Australia is an ethnically diverse nation. In 2020, an estimated 3 in 10 (30%, or 7.7 million) people living in Australia were born overseas (ABS 2021a). According to the 2016 Census of Population and Housing almost half (49%) of Australians had been born overseas or had one or both parents born overseas (ABS 2017a).

People from some culturally and linguistically diverse (CALD) backgrounds can face greater challenges when navigating the health-care system than people who do not identify as CALD. These can include language and cultural barriers, such as not knowing where to seek help or how to access services. Understanding patterns of disease within CALD populations is important to being able to address the health needs of the CALD population in Australia.

What are the challenges in reporting on the CALD population

Reporting on the health needs of CALD populations in Australia is complex and challenging. The term CALD can have multiple definitions, and includes aspects such as a person’s country of birth, their ancestry, where their parents were born, what language/s they speak and their religious affiliation. There can also be large differences within CALD groups; (for example, those born in the same country may not identify with the same culture or speak the same language). Many data collections do not collect any information on CALD, or collect information on one aspect only. This is inadequate for identifying all people from CALD backgrounds as often a range of information is required.

How can linked data be used to report on the health of the CALD population?

Using linked data can provide a solution to some of these challenges. By combining different sources of information, it is possible to tell a rich story of a person’s demographic profile and interactions with various services. The Multi-Agency Data Integration Project (MADIP) combines information from data sets such as the Census, National Health Surveys (NHS), Medicare Benefits Schedule, prescription medicines (from the Pharmaceutical Benefits Scheme) and deaths registrations (ABS 2021c). Because the data are linked at the level of the individual, information from one data set (for example country of birth from the Census), can be used to supplement information in data sets that do not collect this information.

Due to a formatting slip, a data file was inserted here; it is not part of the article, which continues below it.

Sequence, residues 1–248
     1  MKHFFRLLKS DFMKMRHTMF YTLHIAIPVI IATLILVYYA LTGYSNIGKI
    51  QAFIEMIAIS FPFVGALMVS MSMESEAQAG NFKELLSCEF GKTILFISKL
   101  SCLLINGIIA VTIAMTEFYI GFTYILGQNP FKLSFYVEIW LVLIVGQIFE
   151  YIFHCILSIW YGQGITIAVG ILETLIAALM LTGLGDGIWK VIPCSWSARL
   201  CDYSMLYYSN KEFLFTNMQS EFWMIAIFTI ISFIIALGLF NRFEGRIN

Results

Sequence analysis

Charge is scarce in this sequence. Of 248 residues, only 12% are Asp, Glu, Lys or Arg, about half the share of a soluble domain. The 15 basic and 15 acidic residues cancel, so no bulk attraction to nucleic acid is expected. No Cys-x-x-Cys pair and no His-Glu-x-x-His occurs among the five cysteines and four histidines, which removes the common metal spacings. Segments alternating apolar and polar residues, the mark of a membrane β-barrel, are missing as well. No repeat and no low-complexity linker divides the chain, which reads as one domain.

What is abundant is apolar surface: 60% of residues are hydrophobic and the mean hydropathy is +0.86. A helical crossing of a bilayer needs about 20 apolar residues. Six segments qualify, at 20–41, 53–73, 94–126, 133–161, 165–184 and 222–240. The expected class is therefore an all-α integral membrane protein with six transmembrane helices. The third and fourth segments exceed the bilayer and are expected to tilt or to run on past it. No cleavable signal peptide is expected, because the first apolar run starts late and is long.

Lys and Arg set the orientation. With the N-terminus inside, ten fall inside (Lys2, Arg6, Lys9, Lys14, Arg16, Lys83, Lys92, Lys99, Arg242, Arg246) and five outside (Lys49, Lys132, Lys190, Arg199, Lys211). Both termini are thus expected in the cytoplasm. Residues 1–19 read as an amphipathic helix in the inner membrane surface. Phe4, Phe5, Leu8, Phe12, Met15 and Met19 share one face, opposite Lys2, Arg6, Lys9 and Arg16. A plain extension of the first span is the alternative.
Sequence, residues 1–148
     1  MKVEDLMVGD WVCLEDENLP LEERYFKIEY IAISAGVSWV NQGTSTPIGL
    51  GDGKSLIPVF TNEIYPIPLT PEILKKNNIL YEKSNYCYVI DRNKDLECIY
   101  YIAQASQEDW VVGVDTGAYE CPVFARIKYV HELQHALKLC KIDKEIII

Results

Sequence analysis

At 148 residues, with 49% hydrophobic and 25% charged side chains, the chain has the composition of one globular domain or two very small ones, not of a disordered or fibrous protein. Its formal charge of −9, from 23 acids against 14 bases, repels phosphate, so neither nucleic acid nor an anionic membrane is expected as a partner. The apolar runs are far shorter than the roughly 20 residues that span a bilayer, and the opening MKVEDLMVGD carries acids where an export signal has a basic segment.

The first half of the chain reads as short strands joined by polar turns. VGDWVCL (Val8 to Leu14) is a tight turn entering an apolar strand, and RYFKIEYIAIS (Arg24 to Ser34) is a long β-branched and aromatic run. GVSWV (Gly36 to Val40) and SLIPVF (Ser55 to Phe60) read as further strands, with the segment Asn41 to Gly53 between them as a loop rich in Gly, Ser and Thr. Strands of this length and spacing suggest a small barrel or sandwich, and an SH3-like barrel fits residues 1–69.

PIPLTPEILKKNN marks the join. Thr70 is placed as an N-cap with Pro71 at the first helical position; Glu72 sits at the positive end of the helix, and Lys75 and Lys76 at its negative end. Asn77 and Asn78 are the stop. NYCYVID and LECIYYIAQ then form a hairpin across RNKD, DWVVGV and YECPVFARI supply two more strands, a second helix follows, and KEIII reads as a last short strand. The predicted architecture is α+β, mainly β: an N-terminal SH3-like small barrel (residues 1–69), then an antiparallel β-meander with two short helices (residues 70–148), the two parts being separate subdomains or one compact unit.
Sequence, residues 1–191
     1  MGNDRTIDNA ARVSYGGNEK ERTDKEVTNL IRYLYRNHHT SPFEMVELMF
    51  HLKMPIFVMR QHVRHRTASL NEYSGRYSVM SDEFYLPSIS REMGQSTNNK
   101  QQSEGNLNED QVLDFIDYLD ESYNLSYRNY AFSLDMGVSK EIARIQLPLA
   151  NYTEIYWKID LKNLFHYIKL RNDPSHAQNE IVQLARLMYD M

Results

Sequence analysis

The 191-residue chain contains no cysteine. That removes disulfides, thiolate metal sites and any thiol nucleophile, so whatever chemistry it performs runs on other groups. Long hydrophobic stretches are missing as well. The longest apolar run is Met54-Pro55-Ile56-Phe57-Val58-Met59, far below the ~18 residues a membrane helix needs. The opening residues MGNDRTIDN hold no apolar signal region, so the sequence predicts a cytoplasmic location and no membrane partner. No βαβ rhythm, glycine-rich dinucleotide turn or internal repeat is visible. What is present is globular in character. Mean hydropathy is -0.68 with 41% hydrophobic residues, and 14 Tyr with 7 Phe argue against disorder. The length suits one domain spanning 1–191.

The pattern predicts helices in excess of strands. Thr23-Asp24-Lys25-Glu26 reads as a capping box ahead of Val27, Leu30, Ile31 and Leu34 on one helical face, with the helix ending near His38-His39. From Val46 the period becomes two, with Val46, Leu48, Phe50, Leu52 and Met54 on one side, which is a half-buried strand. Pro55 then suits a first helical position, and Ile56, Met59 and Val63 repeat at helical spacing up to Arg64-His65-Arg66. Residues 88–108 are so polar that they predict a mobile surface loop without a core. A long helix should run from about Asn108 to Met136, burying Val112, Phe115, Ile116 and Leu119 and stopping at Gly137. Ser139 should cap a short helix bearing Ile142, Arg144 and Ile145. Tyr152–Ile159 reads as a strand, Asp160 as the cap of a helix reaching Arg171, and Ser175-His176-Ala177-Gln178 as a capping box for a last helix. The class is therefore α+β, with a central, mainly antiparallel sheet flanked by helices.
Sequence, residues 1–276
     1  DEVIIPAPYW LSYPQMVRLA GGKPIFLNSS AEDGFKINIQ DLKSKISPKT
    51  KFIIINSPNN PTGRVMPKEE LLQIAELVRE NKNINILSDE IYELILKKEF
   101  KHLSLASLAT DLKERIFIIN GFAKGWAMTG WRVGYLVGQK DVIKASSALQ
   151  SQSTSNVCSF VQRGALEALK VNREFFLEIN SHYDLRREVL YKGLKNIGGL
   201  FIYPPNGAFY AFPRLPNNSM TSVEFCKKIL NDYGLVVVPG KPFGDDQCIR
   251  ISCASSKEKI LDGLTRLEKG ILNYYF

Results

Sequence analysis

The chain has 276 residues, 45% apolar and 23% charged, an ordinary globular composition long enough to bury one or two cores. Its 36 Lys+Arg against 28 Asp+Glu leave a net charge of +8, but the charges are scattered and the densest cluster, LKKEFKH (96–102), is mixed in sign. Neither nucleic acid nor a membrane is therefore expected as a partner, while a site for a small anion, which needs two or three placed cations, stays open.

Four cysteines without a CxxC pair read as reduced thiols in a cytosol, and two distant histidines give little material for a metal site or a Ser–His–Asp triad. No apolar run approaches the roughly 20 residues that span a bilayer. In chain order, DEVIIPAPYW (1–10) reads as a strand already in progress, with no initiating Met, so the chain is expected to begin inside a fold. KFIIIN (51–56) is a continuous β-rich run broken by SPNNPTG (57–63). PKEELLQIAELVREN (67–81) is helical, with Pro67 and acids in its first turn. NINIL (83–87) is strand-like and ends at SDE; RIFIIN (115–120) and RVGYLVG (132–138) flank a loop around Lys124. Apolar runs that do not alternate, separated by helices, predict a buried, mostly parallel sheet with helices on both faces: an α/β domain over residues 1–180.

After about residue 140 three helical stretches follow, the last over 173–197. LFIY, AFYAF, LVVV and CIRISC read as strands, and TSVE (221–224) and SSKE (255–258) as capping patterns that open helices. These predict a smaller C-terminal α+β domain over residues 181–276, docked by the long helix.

What did the example analyses show?

This report uses linked Census, death registration and NHS data to explore 3 commonly reported health outcomes in conjunction with the range of CALD information collected in these data. The CALD variables available were: country of birth of person, country of birth of parents, language spoken at home, proficiency in spoken English, religious affiliation, ancestry and year of arrival in Australia. Two of the health outcomes selected – self-reported health status and the proportion with a chronic condition – were from the NHS, and the third – all-cause mortality – from deaths registrations.

There was some evidence that the selected health outcomes were influenced by migration patterns. In general, newer migrants tend to be younger and from Asian countries such as China and India. In contrast, those from European countries such as Greece and Italy tend to be older and have arrived earlier. Additionally, new migrants are often subject to strict health screening requirements prior to entry.

Among the groups who could be considered as CALD:

  • those who were born in Asian countries, who spoke Asian languages, and who identified with Asian ancestries generally had better health than the non-CALD Australian population, as measured by the likelihood of having a chronic condition and mortality rates
  • those born in European countries, who spoke European languages and identified with European ancestries generally had the highest age-standardised proportions with a chronic condition and all-cause mortality rates
  • even when adjusted for age, migrants who had been living in Australia for longer tended to have higher mortality rates than recent migrants.

Overall, variations in the selected health outcomes were observed for all of the CALD variables investigated in this report when data could be presented at the most granular level (such as for individual countries of birth or language). Where data were aggregated these differences were reduced, and when presented in binary CALD versus non-CALD form, the CALD population often had better outcomes. However, presenting results at the most granular level presents challenges, even for large data collections.

What are some key considerations when using linked data for CALD populations?

Both the linkage rate and linkage quality are important when using linked data, as both can introduce bias into reported outcomes. The linkage rate and linkage quality did vary by CALD group for the data collections used in this report. Where linkage rates are low for a particular group, the data may not be representative of this group and generalisability is reduced. Additionally, analysis based on linked data can underestimate the true prevalence or rate of a health outcome, particularly for CALD populations with low linkage rates.

However, linkage has an advantage in that, where variables are present in both data collections, missing data can be supplemented by the data in other collections.

Overall, linked data provides the opportunity to explore the health outcomes and service use using a range, or combination, of CALD variables. This allows the flexibility to tailor the definition of ‘CALD’ used to the health outcome of interest.

It is important to note, however, that the health of CALD populations is a product of many factors, including environmental, economic, genetic and socio-cultural factors in their home country and Australia, as well as their migration experience – many of which are unable to be captured consistently in data.